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September 05, 1985 - Image 82

Resource type:
Text
Publication:
The Michigan Daily, 1985-09-05
Note:
This is a tabloid page

Disclaimer: Computer generated plain text may have errors. Read more about this.


-

Page 8D - The Michigan Daily -Thursday,'September 5, 1985
MUSIC SCENE

-W

0

fi vchigan Daily - Thursday

Exhume
the
remains
By Byron L. Bull
F AR INTO the Neverland between
the Midwest and the East, with
the closest major
city-Detroit-something of a sick
metropolitan joke, Ann Arbor is still a
notable tap into the current music
scene. OK, so it's not Athens or Min-
neapolis, but a major university
status puts this community on the
road maps for most up-and-coming
bands.
No review of the local spots would
be tasteful without eulogizing the late
and dearly missed Joe's Star Lounge.
Put simply, the local bar's closing has
for the first time in many years left a
gaping hole in the campus music
scene.
Joe's, though hardly as cool as its
groupies claim, nonetheless existed
as the mecca of local music joints.
Joe's introduced the campus to bands
like the Violent Femmes, R.E.M., Los
Lobos, and The Replacements, and
served as a haven for most of the local
and semi-local bands as well.
Picking up where Joe's left off is the
Blind Pig (206 South First). The Pig is
a lot cleaner, and perhaps slightly
better in design, than was Joe's. The
decor-half-ass post-deco
tackiness-leaves a lot to be desired,
but there is a fair amount of dance
space, a potentially good sound
system, and lots of liquid fun. The Pig
has welcomed such greats as Robyn
Hitchcock, Guadalcanal Diary, and
The Lyres into town, and
management remains faithful to local
rockers, R&B bands, and even an oc-
casional jazz ensemble.
In the basement of one Ann Arbor
building is Rick's American Cafe (611
Church). Serving as one of the many
campus meat market/watering holes,
Rick's manages to showcase a fair
amount of local artists, and even
more prominent bands.
The layout leaves a lot to be desired,
with video games and pool tables
taking up space that could be better
used for dancing. There is, in reality,
no dance floor, just a few square feet
leading to the restrooms-usually a
mass of flailing arms and legs as soon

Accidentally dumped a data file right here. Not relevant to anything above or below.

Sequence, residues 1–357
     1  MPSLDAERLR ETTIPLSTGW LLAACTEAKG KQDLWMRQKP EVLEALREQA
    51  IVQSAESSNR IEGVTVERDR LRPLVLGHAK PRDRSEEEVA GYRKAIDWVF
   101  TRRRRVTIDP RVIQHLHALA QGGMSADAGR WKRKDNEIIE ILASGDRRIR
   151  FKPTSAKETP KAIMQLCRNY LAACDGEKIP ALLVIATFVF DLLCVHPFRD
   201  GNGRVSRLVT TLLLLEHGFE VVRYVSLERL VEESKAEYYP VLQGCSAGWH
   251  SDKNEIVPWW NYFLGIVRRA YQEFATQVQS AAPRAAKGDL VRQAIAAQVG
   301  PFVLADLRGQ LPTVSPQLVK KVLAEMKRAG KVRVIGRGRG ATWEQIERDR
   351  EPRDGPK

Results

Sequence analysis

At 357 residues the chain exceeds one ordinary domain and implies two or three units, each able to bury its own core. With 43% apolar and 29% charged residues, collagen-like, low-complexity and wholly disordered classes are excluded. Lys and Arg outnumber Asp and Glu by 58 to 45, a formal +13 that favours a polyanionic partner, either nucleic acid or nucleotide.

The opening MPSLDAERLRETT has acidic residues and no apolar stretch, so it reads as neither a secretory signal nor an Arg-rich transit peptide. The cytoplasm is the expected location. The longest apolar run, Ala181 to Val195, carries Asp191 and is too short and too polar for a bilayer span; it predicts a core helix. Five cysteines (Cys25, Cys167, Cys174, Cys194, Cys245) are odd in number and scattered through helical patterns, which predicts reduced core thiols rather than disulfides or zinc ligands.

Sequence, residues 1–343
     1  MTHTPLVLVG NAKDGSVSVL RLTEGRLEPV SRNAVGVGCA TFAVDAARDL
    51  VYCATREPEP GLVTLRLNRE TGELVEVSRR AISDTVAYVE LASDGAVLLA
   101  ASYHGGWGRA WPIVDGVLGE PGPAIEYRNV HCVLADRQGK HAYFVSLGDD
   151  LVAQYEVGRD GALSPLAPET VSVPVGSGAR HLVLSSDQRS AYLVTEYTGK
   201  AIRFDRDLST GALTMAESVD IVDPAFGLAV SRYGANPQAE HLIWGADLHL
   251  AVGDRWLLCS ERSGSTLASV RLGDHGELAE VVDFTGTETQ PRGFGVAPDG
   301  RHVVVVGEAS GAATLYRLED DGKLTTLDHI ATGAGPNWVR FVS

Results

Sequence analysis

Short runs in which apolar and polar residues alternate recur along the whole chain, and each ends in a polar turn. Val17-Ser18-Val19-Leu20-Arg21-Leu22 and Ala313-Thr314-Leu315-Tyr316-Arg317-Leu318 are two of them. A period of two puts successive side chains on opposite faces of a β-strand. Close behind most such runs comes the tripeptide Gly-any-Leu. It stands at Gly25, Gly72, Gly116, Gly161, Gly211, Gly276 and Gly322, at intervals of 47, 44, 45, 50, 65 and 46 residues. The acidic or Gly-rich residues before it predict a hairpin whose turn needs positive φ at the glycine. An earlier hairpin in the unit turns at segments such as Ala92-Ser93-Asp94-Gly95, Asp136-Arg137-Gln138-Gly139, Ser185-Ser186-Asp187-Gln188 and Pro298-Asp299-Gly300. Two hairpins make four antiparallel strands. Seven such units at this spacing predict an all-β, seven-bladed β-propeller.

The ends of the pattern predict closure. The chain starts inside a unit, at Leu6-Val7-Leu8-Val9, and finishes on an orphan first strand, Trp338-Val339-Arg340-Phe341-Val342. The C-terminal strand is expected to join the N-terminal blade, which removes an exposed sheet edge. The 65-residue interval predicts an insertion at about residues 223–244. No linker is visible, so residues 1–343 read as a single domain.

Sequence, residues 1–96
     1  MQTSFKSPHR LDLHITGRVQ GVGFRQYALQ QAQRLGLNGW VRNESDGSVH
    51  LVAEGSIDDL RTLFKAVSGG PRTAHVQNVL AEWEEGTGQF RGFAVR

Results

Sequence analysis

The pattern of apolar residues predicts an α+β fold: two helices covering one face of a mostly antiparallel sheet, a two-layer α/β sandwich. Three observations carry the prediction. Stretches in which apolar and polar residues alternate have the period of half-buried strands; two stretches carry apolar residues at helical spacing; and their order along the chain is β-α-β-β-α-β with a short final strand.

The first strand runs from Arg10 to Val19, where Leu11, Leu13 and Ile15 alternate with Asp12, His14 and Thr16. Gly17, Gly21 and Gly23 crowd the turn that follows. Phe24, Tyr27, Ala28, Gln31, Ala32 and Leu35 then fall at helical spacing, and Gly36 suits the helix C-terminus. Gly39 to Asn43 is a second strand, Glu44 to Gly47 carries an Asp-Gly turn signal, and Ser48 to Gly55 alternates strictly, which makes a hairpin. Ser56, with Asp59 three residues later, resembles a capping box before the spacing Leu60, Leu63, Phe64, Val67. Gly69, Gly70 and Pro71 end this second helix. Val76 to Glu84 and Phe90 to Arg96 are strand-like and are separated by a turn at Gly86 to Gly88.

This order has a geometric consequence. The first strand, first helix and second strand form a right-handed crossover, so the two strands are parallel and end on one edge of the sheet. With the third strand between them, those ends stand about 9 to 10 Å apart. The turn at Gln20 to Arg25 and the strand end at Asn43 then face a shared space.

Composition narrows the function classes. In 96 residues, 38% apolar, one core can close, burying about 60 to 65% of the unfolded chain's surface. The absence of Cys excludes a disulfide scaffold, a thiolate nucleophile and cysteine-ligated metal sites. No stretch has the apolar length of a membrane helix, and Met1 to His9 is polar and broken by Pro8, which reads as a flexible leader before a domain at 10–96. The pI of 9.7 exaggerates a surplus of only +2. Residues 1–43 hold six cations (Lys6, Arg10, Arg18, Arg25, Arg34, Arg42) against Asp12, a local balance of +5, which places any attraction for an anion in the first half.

as any band gets cooking.
An often neglected but pleasantly
individual club is the Halfway Inn
Located in the basement of East Quad
residence hall, this snack-bar-gone-
new-wave devotes the majority of its
concert time to younger local artists.
The cover is unbeatably cheap, made
possible by a general lack of at-
mosphere and a specific lack of
alcohol.'
The Nectarine Ballroom (516 East
Liberty) replaces the old Second
Chance, a. casual double-tiered
hangout that over the yearssaw every
band from the Talking Heads, Oingo
Boingo, and Gang of Four to Richard
Thompson and Robert Fripp. The
Chance-which be enattrctin -a-

(Continued from Page 12)
stock a large collection of jazz LPs.
You are apt to find rarities and gems
at all these places, while Schoolkids
Rare Records specializes in the high
priced (high reward!) collector's
spread. These folks all love to talk
about jazz.
The Bands: An article introducing
you to jazz in Ann Arbor would be in-
complete if it didn't mention some of
the great local musicians and bands
that you can look forward to hearing.
The Ron Brooks Trio swings straight
out at the Bird of Paradise. The Lun-
cal Glee Club is a large salsa-style en-
semble that's hotter than anything in
this town except Clancy's Fancy Hot
Sauce. Fast Tracks is a talented quar-
tet at the top of the fusion sounds.

Kathy Moore and Stephanie Ozer are
a prize winning vocal/piano duet that
often appear with a rhythm section as
well. And watch out for Inserts, a
mysterious and exciting electronic
improvisational band that plays con-
certs occasionally. Also radio broad-
casts and open air performances and
improvisations abound. You'll see.
And hear.
Well, that's it. In a rather large and
excited nutshell full of saxophone
squonk. Hang on to this article and let
it be your guide for explorinig the
music of life itself. If there's anything
finer than hearing jazz in Ann Arbor
(other than breathing hard!) I don't
know about it yet. It's a garden of
song, sound, and rhythm. And you can
tend it. Lovingly.

QJS ' Rrs
t
O
P' IC

Read it.
Write it.
Live it.

Iicbigan B uilu

Wonderful Wynton: Excellent by classical or equally stringent jazz standards.

ANN ARBOR CIVIC THEATRE
Presents
SIX DECADES OF AMERICAN THE.

Royal Family
Orpheus Descending
Anything Goes
Blues for Mister Charlie
Chicago
Skin of Our Teeth

Sept. 4-7, 1985
Oct. 23-26, 1985
Dec. 18-21, 1985
Feb. 26-Mar. 1, 1986
May 7-10, 1986
June 11-14, 1986

Mendelss
Mendelss
Mendelssc
Mendelss
Power Ce
Mendelss<

Ann Arbor Civic Theatre is a community organization, with membership open to all. Audition notices
are posted in the local media and at Ann Arbor Civic Theatre approximately 7 weeks before each pro
If you would like to become a member of AACT and receive our monthly newslet
call 662-9405 weekdays between 1-4 p.m., or come visit us any evening at 338 S. M
corner of William and Main.

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